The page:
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Listening to Freddy talk about this dish was fun and made me want to replicate it. The intricate flavors of the lightly roasted cauliflower along with a sweet crunch of roasted nuts was a fun take on a salad.

Course Two Tandoori
Kangaroo
With raised savoy cabbage, lentil curry potato cake, papadam,
mint yogurt, tandoori sauce

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Did you say “kangaroo?” Yes, I did. Bernardin’s is kind of famous for their kangaroo dish. What does it taste like, you may ask. It’s slightly stronger in flavor than beef but not as gamey as venison. It’s very lean and very clean and you should have it at least once.  Freddy’s preparation of this classic Bernardin’s dish is lovely and let’s the flavor of the meat shine.

Course Three
Roasted Sea Bream
With sunchoke, asparagus, rainbow carrots, lobster chorizo broth
The light and flaky fish was pan-seared with a crispy skin in a simple, earthy smoky broth. 

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Course Four
Pork Belly Ramen Tonkotsu
With half boiled egg., enoki mushrooms, nori, green onion, black garlic, chili oil, pork broth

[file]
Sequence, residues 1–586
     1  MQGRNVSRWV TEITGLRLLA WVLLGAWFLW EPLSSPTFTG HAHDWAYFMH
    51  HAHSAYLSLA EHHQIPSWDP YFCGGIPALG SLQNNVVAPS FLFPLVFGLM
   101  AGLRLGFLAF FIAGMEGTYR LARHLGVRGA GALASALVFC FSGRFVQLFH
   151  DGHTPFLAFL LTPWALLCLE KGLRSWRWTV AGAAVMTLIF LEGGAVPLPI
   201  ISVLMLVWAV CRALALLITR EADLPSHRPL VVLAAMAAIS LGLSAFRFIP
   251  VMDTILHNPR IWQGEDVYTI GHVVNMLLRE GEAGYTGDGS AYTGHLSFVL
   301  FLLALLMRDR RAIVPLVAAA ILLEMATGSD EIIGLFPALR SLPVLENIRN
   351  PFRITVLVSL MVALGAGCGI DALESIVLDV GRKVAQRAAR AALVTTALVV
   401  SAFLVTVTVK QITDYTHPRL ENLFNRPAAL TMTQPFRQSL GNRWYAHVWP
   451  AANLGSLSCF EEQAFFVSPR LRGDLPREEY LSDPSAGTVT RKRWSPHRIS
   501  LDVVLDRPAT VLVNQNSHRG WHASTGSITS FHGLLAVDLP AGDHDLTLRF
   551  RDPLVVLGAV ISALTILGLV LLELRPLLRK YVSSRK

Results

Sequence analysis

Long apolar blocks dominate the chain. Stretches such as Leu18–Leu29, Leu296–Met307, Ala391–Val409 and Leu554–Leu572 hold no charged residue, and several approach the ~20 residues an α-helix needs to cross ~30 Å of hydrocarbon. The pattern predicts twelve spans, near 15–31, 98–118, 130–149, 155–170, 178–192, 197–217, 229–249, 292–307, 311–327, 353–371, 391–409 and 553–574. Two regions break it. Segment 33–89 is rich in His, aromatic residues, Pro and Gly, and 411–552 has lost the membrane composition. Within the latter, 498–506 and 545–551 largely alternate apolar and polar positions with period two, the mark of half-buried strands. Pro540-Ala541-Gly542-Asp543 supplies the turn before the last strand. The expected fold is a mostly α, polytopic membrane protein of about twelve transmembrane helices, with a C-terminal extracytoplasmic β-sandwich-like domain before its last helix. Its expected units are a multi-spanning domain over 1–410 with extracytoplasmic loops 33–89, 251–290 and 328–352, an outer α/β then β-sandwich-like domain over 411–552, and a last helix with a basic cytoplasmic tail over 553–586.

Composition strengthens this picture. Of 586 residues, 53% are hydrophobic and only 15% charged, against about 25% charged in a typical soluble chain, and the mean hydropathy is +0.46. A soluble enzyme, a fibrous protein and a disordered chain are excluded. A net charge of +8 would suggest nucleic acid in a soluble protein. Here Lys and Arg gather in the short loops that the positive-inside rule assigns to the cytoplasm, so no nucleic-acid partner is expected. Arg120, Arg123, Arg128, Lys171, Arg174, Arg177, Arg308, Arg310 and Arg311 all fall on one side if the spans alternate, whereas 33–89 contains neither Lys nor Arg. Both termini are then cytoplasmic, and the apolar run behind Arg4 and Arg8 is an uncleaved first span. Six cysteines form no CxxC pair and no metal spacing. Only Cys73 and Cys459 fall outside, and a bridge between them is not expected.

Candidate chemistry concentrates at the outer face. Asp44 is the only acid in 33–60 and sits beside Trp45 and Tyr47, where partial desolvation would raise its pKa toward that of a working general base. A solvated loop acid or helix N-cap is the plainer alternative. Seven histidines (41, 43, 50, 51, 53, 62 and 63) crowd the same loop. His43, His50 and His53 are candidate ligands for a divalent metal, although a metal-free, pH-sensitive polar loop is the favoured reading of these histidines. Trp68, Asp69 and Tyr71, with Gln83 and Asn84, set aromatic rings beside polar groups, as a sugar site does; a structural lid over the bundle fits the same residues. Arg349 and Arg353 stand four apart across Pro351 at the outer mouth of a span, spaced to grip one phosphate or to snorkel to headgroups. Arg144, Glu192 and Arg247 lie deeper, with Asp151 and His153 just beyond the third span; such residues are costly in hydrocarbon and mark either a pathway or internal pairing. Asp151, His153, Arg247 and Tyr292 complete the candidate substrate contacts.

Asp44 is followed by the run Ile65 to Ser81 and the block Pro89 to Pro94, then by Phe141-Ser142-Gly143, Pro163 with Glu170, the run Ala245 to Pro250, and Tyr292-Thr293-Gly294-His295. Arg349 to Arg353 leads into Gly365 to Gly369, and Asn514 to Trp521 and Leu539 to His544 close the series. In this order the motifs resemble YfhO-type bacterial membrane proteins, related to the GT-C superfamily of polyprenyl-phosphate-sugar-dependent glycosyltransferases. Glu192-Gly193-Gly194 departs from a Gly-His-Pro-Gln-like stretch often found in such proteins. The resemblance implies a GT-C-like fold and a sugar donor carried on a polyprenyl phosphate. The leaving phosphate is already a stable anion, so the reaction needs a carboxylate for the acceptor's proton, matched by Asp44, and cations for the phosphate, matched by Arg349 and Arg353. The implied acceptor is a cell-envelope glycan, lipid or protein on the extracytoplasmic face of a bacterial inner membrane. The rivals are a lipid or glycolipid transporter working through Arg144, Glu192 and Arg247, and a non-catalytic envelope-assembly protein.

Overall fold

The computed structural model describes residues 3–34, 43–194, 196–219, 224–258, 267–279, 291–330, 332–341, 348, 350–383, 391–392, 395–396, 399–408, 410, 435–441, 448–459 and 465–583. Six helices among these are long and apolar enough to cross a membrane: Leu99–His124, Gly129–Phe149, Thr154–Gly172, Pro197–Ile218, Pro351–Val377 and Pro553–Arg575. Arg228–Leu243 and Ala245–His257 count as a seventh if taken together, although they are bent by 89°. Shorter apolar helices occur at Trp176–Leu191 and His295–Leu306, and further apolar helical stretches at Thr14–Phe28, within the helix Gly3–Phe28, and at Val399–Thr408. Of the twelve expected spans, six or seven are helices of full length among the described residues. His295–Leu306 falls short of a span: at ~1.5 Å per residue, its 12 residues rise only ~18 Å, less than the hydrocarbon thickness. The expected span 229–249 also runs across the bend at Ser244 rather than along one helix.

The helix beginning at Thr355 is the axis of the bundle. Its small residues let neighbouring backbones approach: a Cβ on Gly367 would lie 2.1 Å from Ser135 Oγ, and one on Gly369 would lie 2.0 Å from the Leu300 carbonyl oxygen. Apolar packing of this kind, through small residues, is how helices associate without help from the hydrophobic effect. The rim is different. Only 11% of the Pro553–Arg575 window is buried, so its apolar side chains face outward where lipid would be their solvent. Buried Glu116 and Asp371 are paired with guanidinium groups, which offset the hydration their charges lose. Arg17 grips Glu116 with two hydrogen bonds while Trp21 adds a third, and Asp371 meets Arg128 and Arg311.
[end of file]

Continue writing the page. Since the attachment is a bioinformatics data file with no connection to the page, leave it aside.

Course 4

  A true crowd-pleaser, this dish was light and flavorful with the jammy egg.

Course Five
Cheesecake Parfait
Blackberry, raspberry. white chocolate, caramel. coconut pistachio crisp, oreo cookies
Grand Marnier, creme anglaise

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This little dessert had it all… Creamy layers of fluffy whipped sweetened cream cheese layered with chocolate and coconut, berries with hints of orange. Dive straight down and pull it up for the perfect bite, Freddy told us. And perfect it was. I’d go back for that anytime.

I’d go back for any of it. Guest, John McPherson, who’s attended a number of Chef’s Table said, “I love how the chef has taken us all over the globe with this meal.”

Every course was exquisite. And that’s true for anything I’ve ever had at Bernardin’s. 

Some versions of the dishes served at A Chef’s Table are dishes that have made or will make an appearance at Bernardin’s at any given time. Lee says he loves to work with different game and changes his more adventurous offerings based on what quality ingredients he can get. “I like to work with emu and bison and different kinds of seafood,’ he says.

Lee encourages taking the leap when dining out. “Many people order off the menu but sometimes they’ll want to be surprised. That’s the best way to eat, really. Order different entrees and share them.”